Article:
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  • Currently Being Moderated
    Nov 7, 2012 3:35 AM   in reply to Monika Gause

    So targeting means using the Layers panel to apply effects and stuff instead of working hands-on like one would normally do?

    Sorry to be obtuse but I’m not familiar with the terminology.

     

    And I still don’t see how you can mistake selecting for targeting.

    We know that you can apply effects at Layer, Group or Object level, depending on what you are trying to achieve.

    Certainly an object with an effect or transparency applied can sometimes be grouped with other items, but what has that got to do with mistakes?

    Stacks can sometimes be complex, so it may well be necessary for a newcomer to delve deep to uncover their secrets.

     
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  • Currently Being Moderated
    Nov 7, 2012 3:40 AM   in reply to Monika Gause

    Steve, you don't have to like the word, or even use it, but it is the term that Adobe chose, and it's not the same as selecting. You can't apply an attribute at the layer level without targeting it (the layer) in the Layers panel. Selecting a layer is the same as selecting all the objects in the layer, and any attributes then applied will be at the object level. It's not primarily about searching or rummaging.

     

    Adobe Community Help.png

     

    Edit: If there is an effect applied at the Layer level you can also target the layer in the Appearance panel when an object is selected.

     
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  • Currently Being Moderated
    Nov 7, 2012 4:11 AM   in reply to tromboniator

    That first paragraph is essentially what I wrote, the only way can apply an effect to a layer is to target it in the layers panel. Which is not the same as highlighting it. You cannot apply an effect to the layer if you click in the selection area of the layer in the layers panel that will only apply the effect to the objects in the layer but not to subsequent objects placed on the layer or created on that layer.

     

    Whereas no matter how you select a group it becomes targeted unless you enter isolation mode and use the direct select tool in isolation mode or in standard mode on the canvas.

     

    A path will become targeted as well no matter how you select it.

     

    However it might be easier to use the layer panel and use the target method to apply effects under certain circumstance in which case the ability to use targeting as a method of selection has a logistic advantage in some cases.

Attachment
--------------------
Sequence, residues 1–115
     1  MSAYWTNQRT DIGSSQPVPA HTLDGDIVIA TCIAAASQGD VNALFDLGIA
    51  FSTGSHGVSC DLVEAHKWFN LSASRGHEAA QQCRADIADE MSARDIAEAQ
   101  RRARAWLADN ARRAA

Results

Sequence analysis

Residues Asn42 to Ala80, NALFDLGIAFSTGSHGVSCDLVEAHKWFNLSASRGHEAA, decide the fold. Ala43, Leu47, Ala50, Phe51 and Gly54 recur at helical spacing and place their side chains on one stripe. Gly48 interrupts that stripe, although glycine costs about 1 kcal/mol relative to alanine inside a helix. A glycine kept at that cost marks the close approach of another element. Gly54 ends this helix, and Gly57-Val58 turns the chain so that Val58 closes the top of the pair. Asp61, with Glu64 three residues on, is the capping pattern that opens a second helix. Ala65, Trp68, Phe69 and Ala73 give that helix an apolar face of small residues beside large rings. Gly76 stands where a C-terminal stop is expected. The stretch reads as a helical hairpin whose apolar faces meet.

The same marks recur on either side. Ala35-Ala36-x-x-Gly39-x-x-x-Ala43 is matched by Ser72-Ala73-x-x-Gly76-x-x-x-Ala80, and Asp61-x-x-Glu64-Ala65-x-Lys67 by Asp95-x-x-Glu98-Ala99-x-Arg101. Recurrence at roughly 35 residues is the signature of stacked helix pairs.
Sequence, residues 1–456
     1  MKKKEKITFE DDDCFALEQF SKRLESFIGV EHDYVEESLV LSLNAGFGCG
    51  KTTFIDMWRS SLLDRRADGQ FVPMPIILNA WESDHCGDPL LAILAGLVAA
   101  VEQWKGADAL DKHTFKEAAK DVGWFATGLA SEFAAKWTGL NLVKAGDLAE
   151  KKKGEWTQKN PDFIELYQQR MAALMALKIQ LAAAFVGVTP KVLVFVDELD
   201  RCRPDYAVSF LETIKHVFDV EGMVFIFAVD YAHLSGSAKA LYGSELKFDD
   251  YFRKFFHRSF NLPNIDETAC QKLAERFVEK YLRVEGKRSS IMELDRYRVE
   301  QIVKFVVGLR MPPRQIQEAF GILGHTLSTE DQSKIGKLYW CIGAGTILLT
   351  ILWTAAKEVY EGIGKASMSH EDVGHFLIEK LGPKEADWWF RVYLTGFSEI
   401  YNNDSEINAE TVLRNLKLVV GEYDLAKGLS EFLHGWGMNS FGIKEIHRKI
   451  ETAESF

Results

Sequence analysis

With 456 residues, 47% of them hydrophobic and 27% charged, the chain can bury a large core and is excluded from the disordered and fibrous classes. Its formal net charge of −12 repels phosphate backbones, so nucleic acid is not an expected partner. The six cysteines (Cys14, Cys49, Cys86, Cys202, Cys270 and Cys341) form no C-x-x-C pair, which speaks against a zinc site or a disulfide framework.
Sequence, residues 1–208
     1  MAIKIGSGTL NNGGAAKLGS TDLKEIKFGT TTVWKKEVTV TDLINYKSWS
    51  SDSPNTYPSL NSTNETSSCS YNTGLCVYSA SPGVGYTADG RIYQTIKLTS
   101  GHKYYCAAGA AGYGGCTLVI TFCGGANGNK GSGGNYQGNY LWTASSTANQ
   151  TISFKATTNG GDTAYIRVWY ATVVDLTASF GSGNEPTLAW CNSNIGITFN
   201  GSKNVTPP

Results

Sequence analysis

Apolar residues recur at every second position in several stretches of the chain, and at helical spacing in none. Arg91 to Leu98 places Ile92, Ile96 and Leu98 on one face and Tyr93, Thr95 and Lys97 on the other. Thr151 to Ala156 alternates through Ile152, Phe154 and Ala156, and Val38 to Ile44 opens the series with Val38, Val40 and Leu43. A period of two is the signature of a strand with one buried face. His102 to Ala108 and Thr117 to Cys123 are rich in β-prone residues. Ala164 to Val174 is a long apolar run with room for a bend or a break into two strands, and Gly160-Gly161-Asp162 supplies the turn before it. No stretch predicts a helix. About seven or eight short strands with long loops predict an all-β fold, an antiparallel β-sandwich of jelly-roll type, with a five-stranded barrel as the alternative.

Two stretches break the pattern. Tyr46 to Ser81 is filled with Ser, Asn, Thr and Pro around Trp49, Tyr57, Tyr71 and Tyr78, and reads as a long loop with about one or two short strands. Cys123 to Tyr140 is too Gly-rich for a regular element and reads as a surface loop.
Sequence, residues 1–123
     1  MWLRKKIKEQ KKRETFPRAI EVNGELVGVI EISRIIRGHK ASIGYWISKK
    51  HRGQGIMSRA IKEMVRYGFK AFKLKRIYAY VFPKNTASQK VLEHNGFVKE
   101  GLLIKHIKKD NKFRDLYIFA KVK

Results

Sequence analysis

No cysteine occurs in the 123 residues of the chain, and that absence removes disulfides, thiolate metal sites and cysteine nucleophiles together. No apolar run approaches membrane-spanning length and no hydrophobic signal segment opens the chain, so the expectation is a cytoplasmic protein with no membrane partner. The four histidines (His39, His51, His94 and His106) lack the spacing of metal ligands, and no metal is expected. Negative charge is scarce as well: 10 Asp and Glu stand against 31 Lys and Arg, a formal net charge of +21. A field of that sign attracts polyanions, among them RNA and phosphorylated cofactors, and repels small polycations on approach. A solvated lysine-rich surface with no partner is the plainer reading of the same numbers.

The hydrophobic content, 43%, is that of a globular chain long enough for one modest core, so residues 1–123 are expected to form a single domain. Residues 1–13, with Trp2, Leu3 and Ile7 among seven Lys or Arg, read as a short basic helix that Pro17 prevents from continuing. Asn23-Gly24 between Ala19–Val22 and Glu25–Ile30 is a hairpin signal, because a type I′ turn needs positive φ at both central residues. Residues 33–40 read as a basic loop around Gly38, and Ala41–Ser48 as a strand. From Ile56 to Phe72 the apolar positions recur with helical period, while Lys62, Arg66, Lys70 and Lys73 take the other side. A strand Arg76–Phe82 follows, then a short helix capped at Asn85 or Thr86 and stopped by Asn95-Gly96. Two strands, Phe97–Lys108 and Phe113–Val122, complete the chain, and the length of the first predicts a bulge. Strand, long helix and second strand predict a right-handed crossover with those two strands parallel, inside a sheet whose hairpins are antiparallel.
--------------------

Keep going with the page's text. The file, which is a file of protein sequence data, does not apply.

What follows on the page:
A certainly it is an easy way to know that an object group or layer has an effect applied to it even when not apparent.

     
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  • Currently Being Moderated
    Nov 7, 2012 7:01 AM   in reply to Steve Fairbairn

    steve fairbairn wrote:

     

    ....

     

    Do you consider targeting to be the process of delving into layer stacks to see where an effect or transparency is applied?

     

    If so, you could replace it with searching, pinpointing or even rummaging.

    This has got nothing to do with selecting and I still don’t like the word targeting..

    Well, the process is described well in the manual which is also in the image Tromboniator showed in post #23. I tried reading it again but replaced target/ing with one of your suggested words. To me with my bad English, 'searching' and 'rummaging' didn't look good at all, but 'pinpointing' made the same sense to me as 'targeting'. Personally I don't care what word is used as long people know what it means in Illustrator,  but there is a need for a word to describe this process anyway. If I had to decide, I like 'focus/ing' it is short and already used  a lot in the computer terminology to describe the currently active input fields, place of insertion pointers, and other currently active UI elements which is different from selecting or highlighting.

     
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  • Currently Being Moderated
    Nov 22, 2012 5:07 PM   in reply to Paul Stedman

    "...When you simply select objects and apply effects or adjust opacity, the effect may not be applied as you expected..."

     

    Which should make alarms and flashing lights go off in the mind of anyone that works in UI/UX.

     

    I'm not disputing that selecting and targeting are different.  I'm saying that if the software needs to make a distinction in the first place, something has gone terribly wrong.